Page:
I recently walked into one of our kid’s bedrooms and was overcome by the clutter that littered every corner of the room.
“I don’t even enjoy walking in here.” I mused, as I picked up several items in an attempt to make the room look better. Seeing my efforts made little difference, I realized I had found my next project.
A clean and orderly room is usually not a high priority on a kid’s list. However, once given a clean and clutter-free space, I have found my kids gravitate toward that room.
Kids are still in the learning process. Not many are born natural organizers. So as their parent, it is our job to teach them this invaluable skill. It might not be your natural inclination, either. That’s okay. Simply learn the skill together.
Unfortunately, this purging usually needs to be done more than once. So here is the list that I have come up with that helps me with this project.
Throw out all broken and missing toys
Let’s start with the basics. If it’s broken, throw it away. If it’s missing pieces, throw it away. Do you really need to keep that board game that is missing half its contents? Chances are you will never miss it when it is gone. If you do, ask for it for a birthday.
I used to think my kids would be deprived and not have anything to play with if I didn’t keep every toy they had ever received. But then I had to keep up with it all.
In an overwhelmed rage one afternoon I cleaned out and gave half the kid’s toys to Goodwill. Guess what happened? That following week the kids played with the remaining toys more than they had played with anything the past two months!
Less is more. Let it go (I guess Elsa got it right;).
Just a small note, if you have an extra room, why not make that a playroom and get the bulk of the toys out of the bedroom? We enclosed a sunroom a few years back and made it our school/playroom.
It took me a few months to realize that moving the majority of the toys to this room meant I only had to pick up one room, instead of three (two bedrooms and the playroom).
Clean out books
This one is hard. While I can justify getting rid of that annoying battery operated cow that always goes off at naptime, getting rid of a book seems like an educational sin. My child will never go to college because I threw away his Toy Story book that was missing 9 pages!
Then I read this wonderful article (I wish I could find it now) that said a few good quality books were immensely better than a ton of mediocre books. Books that fall into this category could include those based on movie or tv shows, dollar tree finds, or simply the book you HATE to read at story time. It’s okay to give them a new home at goodwill. Your reading time will be much improved.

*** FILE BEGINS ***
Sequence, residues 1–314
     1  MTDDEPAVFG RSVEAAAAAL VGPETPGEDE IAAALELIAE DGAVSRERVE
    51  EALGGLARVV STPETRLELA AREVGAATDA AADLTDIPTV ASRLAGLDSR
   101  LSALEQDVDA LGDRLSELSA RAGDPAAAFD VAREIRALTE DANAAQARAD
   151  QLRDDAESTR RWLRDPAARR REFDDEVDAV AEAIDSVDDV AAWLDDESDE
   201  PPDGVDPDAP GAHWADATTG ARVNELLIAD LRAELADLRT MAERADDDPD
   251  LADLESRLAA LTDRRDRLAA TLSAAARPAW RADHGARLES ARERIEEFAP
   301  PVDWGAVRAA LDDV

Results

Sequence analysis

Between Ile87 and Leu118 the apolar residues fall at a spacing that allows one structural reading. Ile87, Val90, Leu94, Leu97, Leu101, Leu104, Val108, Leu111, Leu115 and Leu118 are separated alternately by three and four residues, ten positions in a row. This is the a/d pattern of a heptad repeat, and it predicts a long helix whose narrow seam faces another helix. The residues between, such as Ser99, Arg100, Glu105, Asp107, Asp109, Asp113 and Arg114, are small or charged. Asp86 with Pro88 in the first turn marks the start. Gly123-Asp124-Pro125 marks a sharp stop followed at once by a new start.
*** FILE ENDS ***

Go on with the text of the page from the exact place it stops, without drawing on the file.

I think it would be prudent to add that I have not totally gotten rid of every book that fits the above description. Lightning McQueen still holds a special place in my two year old’s heart. And though I have high hopes that one day McQueen will be replaced by Hamlet, I don’t think that is a battle worth fighting at this time;).
Clean out clothes drawer
It is amazing how quickly extra clothes can clutter up a room. This is one area I admittingly hate to deal with. However, to truly get the clutter under control, I had to tackle this area.
After you take out all of the clothes that are either too small or are not seasonally appropriate, take a good look at what is left. Does your child really need twenty play t-shirts? How many holey jeans are necessary?
Bite the bullet and throw out all of the unmatched socks. A new pack at Wal-mart is eight bucks. Allow yourself a little sanity and let it go (thanks again, Elsa;).
Plan for hobby storage.
Do you have a budding artist? Is your child going to be the next lego genius? Hobbies are great, and should be encouraged. But not planning an organized way to deal with the parts needed is a recipe for disaster.
Assess the best way to deal with the storage of the particular hobby materials and make it where your child can access it. Also, if the hobby produces an end product that needs to be admired, take that into account, also.
Here are some common kid hobbies and some storage ideas some creative moms have employed:
My little girl has recently found her inner Michelangelo. While I have a place for paper and crayons, I realized I had no place to store her masterpieces. They were simply piling up in every corner of the house. This led to a pinterest search. Now I have a whole board dedicated to it!
Take out unnecessary furniture
I realized recently how open and bigger a room looks if you can see wall space. Do you cram furniture into every available inch of sheetrock? I used to. But when I got serious about clutter, I was astonished at all I kept around just because I had it, furniture included.
Currently in our boys room we have a bed and one tall dresser. Last week I added a bookshelf. When we redo the closet I want to get rid of the dresser.
Use what you need then get rid of the rest.
How’s the room looking?
If you are like me, your child will again want to spend time in their own little space. Did you include them in the process? My kids are young (5 years and younger), so on certain projects they are included, and others they get to watch a movie. And I’m okay with that.
How about you? How do you simplify your child’s room?